Real Life Lessons: Should Maryland Stop Smoking?

Teachers, if you are looking for a great STEM learning project which could help students understand health, climate change, politics and power,  look to our polluted skies.

Will Maryland choose to reduce greenhouse gases and pollutants to improve the health of our citizens and reduce the harm from global warming?  Or will we walk away from these reductions to fight a perceived threat of cheaper power production in neighboring states? 

This is an open question.

The state set a ambitious goal in April for reducing greenhouse gas emissions, but the path for creating those reductions is not clear.

When Governor Hogan began his administration, he refused to publish air quality regulations which would have required older, highly polluting coal fired power plants to reduce their emissions or close.  Now, the Maryland Department of the Environment (MDE)  is considering whether Maryland will leave the Regional Greenhouse Gas Initiative (RGGI) to reduce a perceived power cost advantage of neighboring states.   The argument is that if neighboring states can produce power more cheaply by polluting heavily, then Maryland would suffer from the pollution without profiting from the generation.

This project enables students to learn about the health and environmental costs of our dependence on fossil fuels and to consider which power sources are the most socially, economically and environmentally viable.

In the following six video clips,  advocacy groups, the Secretary of the MDE and citizens testify in support of the Regional Greenhouse Gas Initiative (RGGI) and in support of Maryland remaining in the multi-state cap and trade program to help reduce dependence on fossil fuels.    No one testified in favor of leaving RGGI, but Ben Grumbles, the Secretary of the Maryland Department of the Environment discussed the possibility of the state withdrawing from the agreement.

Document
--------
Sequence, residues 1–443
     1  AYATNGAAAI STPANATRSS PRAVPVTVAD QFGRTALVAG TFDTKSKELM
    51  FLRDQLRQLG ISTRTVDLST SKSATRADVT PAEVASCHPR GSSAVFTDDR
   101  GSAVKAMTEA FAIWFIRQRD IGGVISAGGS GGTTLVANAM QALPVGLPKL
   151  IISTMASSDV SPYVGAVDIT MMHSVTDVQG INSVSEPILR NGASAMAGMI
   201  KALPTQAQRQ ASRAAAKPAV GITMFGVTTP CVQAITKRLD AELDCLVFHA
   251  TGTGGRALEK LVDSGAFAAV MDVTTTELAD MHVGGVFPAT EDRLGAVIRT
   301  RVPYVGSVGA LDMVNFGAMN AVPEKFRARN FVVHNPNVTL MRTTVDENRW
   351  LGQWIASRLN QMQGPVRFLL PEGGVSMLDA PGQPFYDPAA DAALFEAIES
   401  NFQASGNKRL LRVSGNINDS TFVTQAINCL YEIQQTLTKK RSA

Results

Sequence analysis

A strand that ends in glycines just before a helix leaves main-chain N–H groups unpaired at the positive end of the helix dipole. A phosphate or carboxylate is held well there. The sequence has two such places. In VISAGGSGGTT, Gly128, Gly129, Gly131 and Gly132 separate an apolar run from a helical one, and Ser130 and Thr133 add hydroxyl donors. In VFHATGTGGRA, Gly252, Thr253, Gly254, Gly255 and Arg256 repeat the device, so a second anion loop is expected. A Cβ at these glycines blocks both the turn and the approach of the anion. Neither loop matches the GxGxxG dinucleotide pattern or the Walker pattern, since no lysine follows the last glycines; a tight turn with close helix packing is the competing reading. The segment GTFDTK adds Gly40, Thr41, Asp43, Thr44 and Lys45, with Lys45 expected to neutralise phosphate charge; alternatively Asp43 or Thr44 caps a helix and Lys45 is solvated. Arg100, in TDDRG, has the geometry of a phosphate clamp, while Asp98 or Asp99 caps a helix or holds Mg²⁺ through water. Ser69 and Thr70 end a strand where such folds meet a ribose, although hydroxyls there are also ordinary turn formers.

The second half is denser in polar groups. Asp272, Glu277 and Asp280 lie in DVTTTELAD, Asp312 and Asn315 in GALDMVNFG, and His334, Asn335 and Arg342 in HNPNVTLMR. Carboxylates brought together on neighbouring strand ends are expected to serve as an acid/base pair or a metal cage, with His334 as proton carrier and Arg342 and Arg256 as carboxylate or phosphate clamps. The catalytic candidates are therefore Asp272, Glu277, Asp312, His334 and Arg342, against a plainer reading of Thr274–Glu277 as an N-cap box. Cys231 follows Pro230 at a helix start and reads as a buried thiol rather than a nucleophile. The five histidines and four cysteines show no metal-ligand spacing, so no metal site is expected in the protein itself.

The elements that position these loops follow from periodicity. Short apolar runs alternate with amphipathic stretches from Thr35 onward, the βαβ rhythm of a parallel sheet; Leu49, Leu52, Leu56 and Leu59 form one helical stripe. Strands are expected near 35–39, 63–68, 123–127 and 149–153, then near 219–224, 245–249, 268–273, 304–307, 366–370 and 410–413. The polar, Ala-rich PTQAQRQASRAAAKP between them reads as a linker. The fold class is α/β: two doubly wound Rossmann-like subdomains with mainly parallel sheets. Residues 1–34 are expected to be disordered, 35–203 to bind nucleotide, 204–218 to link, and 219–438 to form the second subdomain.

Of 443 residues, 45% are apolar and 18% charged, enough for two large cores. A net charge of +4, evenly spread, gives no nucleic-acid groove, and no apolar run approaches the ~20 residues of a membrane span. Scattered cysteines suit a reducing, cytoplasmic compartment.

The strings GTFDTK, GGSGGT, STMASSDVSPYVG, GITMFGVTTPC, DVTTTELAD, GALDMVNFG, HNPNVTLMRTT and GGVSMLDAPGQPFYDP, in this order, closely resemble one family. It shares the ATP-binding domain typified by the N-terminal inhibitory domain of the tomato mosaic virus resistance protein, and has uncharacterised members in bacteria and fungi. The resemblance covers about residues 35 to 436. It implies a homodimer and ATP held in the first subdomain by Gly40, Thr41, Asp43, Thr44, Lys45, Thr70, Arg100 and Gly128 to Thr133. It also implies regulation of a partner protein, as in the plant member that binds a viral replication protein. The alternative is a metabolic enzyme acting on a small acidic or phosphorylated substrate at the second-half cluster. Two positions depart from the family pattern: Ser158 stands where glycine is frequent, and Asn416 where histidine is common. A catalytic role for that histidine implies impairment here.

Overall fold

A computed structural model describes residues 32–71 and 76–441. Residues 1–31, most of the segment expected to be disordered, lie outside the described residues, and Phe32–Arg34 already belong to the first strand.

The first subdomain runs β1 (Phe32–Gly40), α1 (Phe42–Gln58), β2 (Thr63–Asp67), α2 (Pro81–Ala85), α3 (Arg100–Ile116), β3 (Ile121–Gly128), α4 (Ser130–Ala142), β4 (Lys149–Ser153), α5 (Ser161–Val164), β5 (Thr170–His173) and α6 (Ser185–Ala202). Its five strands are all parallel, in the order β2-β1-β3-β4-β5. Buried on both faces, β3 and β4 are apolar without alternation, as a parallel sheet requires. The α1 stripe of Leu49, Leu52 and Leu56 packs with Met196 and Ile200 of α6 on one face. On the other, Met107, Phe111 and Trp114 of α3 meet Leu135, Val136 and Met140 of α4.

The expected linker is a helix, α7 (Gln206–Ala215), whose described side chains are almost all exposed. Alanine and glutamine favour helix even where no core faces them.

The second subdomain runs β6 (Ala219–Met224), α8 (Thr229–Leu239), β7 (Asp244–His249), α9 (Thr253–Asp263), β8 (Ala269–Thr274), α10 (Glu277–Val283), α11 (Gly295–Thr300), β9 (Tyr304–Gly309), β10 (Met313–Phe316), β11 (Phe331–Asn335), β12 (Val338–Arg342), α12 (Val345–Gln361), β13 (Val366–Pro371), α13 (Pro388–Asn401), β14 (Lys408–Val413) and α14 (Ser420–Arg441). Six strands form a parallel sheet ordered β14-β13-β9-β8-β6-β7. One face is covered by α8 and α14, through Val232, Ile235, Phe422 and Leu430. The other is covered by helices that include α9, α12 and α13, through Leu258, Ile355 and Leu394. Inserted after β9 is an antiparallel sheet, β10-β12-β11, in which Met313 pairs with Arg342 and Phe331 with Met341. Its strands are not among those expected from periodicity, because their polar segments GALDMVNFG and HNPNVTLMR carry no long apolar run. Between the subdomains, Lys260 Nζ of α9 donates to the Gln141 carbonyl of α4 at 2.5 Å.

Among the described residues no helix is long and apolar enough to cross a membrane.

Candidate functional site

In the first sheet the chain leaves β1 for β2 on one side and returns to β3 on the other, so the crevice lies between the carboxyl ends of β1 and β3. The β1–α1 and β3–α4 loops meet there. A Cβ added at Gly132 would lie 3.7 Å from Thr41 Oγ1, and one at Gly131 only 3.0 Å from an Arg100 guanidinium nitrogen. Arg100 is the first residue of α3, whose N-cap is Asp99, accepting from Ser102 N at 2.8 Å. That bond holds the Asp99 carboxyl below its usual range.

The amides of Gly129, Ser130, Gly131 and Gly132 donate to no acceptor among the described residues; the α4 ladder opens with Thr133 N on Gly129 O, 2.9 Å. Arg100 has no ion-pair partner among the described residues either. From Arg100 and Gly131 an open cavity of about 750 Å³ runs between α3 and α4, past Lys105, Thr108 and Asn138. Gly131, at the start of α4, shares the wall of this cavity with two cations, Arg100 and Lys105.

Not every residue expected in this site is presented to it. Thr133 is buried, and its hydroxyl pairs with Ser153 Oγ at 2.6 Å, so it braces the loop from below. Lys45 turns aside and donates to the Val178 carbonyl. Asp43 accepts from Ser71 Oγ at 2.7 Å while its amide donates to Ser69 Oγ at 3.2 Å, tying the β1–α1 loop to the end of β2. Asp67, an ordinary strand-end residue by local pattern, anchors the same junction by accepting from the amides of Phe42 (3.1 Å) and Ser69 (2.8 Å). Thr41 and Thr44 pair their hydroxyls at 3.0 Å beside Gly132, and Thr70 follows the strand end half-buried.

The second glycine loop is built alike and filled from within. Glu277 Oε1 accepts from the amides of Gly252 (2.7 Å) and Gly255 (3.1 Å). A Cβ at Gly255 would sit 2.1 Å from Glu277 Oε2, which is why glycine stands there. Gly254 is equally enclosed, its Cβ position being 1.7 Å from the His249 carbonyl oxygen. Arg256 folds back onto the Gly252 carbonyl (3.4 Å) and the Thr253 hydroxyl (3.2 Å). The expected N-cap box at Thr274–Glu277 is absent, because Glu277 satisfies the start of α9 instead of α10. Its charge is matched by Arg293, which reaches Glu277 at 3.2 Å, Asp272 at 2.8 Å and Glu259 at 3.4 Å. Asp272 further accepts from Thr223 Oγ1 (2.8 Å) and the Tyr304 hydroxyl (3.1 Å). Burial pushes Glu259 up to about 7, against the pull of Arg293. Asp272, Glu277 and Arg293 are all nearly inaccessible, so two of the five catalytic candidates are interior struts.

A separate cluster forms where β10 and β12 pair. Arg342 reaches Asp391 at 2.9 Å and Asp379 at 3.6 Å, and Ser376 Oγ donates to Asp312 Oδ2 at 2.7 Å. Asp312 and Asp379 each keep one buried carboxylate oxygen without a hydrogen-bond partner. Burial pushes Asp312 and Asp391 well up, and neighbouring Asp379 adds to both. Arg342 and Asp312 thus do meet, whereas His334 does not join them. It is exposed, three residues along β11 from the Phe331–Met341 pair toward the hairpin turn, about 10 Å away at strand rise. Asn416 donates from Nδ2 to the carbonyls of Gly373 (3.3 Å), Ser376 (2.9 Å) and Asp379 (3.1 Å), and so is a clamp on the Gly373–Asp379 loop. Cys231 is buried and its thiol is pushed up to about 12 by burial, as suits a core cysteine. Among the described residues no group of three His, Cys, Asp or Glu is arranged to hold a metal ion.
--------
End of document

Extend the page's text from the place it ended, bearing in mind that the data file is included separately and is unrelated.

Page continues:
What are the arguments which your students find most persuasive? Should Maryland consider the health and environmental costs of pollution when it calculates the price of energy?

What path would they suggest for the future of Maryland?

You can find additional materials in the resource section or email me at shan@coolgreenschools.com to create a project fitted to your class.

 

Learning in the World of Wonder: Michel Anderson helps children connect and learn in the natural world

IMG_0289 by Shan Gordon.
Michel Anderson leads a tour of the garden, play areas and forest at the Waldorf school in Baltimore. Children help grow plants used to dye clothes, and chickens which produce eggs given to students on their birthdays.
IMG_0285 by Shan Gordon.
This note above the terrariums prompts children to understand the water cycle and sunlight exposure on plants.
IMG_0284 by Shan Gordon.
Terrariums in a windowed staircase enable students to pass by and observe the water and growth process.
IMG_0268 by Shan Gordon.
Paintings of nature are displayed in hallways. Note the attention to detail and how the images are stylized.
IMG_0265 by Shan Gordon.
Children used sticks, found items and small sculptures to build a miniature village.
IMG_0260 by Shan Gordon.
Teachers photograph children made projects during the garden and outdoor tour at the Waldorf School in Baltimore.
IMG_0329 by Shan Gordon.
Michel Anderson talks about some of the explorations and learning projects he and the children undertake at the outdoor after school program. Students have built shelters from sticks, searched for a colors in nature and created their own names for trees and animals. Anderson said the students also learn the common names, but that naming things themselves empowers the students. These names can be wonderfully descriptive and imaginative. Who could forget the Coconut Weirdo Tree?